Joseph, so with Moses, first preserved from drowning and starvation when cast out upon the river, then saved from Pharaoh's wrath, and again, in forty years' time, from another Pharaoh, who again and again refused to let the people go. And, not to name more, so was it with Daniel, whose name is, as I have said, especially connected with this sixty-fourth Psalm, when, for God's sake, he was cast into the den of hungry lions at Babylon ; but their mouths were shut that they should not hurt God's faithful prophet. In looking back upon the lives of each and all of these great names of old, we may well say, in the words of my text from this Psalm, " This hath God done : this is His work." But the greatest life of all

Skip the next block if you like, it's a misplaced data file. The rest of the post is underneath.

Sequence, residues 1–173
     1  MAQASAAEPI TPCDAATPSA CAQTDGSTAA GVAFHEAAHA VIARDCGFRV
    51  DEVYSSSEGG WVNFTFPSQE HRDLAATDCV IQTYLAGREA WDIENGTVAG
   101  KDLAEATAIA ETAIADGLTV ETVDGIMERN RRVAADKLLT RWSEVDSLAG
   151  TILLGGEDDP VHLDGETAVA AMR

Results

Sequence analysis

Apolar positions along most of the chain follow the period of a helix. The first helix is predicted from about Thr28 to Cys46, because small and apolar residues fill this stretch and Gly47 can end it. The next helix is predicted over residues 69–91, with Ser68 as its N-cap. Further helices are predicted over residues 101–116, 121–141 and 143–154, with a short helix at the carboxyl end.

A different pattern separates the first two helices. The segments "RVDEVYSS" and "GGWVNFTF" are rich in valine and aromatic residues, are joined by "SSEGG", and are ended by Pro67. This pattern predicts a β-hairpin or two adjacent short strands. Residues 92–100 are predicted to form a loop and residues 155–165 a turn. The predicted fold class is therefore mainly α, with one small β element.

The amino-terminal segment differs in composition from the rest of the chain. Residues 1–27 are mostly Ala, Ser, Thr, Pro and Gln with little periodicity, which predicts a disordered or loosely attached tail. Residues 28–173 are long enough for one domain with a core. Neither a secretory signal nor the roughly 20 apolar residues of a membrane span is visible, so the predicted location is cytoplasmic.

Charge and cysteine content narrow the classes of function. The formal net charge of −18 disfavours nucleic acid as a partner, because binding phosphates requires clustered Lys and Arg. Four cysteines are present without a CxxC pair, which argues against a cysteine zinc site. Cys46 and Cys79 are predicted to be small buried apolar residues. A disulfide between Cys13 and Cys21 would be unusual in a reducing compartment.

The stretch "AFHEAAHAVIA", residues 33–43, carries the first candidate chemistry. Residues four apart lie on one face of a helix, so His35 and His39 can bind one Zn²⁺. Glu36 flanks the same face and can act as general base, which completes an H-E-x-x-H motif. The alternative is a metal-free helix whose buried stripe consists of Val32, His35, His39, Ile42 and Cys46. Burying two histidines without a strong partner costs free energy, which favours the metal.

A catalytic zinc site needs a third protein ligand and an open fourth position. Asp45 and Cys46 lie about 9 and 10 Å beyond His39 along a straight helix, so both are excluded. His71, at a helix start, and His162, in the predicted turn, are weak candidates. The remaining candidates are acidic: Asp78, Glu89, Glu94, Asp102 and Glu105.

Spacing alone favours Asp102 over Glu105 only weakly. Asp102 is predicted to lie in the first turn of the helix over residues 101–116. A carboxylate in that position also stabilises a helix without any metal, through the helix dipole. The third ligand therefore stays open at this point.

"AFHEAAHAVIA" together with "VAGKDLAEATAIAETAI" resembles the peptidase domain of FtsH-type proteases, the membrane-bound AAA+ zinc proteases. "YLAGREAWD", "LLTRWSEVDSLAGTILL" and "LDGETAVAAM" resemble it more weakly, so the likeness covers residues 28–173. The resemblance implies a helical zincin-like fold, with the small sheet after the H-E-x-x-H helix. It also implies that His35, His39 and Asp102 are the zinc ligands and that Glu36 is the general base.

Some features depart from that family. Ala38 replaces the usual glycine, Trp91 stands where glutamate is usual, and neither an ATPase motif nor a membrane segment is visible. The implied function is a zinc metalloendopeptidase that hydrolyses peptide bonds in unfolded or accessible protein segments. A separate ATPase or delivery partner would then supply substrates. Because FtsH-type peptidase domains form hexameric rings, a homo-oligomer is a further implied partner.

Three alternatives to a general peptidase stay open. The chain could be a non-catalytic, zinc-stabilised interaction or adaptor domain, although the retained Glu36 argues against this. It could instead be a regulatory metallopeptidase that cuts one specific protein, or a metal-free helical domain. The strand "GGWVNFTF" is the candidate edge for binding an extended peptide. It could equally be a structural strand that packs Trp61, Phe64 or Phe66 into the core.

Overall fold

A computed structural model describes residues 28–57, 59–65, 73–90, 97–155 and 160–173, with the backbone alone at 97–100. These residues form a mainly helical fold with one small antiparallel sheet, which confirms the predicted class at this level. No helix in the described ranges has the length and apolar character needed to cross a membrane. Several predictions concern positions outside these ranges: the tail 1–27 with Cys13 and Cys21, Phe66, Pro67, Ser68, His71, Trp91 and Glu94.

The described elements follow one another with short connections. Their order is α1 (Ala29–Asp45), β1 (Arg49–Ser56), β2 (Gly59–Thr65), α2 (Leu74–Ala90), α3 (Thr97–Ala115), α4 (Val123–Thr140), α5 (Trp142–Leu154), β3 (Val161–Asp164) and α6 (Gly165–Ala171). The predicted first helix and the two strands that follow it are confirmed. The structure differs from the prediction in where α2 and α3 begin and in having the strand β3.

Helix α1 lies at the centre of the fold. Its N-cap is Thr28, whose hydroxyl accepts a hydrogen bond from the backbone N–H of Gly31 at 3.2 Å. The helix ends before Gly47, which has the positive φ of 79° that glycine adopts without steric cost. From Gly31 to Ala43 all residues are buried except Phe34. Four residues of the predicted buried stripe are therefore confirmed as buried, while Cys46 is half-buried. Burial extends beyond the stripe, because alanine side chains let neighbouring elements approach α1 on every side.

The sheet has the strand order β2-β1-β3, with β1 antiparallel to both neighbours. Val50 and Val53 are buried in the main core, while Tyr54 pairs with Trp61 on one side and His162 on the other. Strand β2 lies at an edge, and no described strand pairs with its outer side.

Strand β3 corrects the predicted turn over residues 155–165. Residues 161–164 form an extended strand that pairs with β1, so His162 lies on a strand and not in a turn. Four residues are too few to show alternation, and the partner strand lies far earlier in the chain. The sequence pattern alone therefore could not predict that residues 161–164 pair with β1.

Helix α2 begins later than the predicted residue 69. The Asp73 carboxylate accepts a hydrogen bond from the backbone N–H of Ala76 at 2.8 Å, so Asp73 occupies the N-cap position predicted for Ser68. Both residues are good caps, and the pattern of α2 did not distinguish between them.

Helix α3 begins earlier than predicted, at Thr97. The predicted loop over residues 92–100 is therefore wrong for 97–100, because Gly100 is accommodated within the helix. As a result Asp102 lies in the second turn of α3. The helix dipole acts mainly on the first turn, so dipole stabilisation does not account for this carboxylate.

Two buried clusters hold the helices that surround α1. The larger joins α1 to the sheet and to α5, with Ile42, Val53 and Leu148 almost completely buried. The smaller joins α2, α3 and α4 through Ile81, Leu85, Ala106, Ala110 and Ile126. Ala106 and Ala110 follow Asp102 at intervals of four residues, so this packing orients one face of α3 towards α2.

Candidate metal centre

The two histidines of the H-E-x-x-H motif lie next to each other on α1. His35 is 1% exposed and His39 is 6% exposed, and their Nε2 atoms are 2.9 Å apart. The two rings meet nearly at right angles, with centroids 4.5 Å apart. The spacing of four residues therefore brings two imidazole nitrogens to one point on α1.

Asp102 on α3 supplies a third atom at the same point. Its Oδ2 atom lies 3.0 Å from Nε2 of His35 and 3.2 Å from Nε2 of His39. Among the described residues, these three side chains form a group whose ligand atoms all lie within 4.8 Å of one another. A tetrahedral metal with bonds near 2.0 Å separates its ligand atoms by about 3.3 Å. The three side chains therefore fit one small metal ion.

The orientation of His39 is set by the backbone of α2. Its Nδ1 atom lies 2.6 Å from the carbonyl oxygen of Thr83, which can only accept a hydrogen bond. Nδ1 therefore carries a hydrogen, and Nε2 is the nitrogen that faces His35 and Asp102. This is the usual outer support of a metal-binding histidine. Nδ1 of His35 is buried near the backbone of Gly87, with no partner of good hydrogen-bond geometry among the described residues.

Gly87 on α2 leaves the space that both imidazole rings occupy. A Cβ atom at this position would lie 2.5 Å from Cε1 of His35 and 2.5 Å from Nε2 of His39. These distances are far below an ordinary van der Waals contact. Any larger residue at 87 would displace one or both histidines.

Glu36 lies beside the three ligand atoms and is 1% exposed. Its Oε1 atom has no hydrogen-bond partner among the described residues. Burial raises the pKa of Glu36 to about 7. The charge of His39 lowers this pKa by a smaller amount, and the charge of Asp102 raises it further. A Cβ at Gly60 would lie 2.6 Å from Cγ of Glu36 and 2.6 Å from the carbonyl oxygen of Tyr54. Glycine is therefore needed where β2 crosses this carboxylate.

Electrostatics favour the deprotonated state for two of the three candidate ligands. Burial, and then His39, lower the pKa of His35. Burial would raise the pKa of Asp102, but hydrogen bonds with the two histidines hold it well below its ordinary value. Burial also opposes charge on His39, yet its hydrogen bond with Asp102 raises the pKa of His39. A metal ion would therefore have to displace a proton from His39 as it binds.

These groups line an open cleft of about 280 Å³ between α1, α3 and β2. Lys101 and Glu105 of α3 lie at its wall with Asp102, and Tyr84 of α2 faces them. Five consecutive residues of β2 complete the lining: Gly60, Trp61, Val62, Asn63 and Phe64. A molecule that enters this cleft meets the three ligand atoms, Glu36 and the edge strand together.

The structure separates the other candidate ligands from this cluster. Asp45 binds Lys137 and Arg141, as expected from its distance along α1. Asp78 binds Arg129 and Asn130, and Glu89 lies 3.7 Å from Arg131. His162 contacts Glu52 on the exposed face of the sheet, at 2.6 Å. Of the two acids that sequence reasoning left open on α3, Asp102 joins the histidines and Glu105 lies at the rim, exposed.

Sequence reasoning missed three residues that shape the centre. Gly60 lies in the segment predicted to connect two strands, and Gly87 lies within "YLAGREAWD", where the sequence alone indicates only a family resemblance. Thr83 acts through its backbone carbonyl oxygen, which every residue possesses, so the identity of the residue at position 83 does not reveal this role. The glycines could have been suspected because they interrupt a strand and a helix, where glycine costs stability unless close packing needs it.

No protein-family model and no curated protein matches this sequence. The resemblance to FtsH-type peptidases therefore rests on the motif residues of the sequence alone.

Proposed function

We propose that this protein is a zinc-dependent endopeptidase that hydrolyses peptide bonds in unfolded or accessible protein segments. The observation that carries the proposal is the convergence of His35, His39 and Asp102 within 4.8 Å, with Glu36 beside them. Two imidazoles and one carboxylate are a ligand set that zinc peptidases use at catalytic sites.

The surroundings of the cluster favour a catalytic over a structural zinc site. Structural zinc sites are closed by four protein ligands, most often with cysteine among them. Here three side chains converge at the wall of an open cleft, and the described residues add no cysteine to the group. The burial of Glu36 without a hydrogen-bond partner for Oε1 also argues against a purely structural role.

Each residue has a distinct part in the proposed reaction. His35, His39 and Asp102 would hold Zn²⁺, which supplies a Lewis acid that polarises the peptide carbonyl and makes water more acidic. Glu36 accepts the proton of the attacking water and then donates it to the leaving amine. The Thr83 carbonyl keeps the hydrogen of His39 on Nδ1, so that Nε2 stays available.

I03 PSAZJf LXIV. is tlie truest fulfilment of all of these words. For that life in all that it accomplished, especially at last in the triumph of the Cross, and Eesurrection, Ascension, and Mission of the Holy Ghost, was not done bv Grod intermediately, as we may say, in what He does to and for us at any time, but it was done by God Sinuelf, in the very Person of the Eternal Son — "Thou art Christ, the Son of the Liring God." This is the keystone of the Christian arch. This is the Foundation on which all other Christian truths are built ; this the Rock on which the Church is built, which can never fail in anv land while it is held to fast and faithfullv: no man only, though truly man, but the Eternal Son, the Terv Word of God, and Creator of all things, " By Whom all things were made, and without Whom was not anything made that was made." And though the history of that greatest life of all is the most true fulfilment of all, in what it did and accomplished of these words, " All men shall say. This hath God done, for they shall perceive that it is His work." Yet, my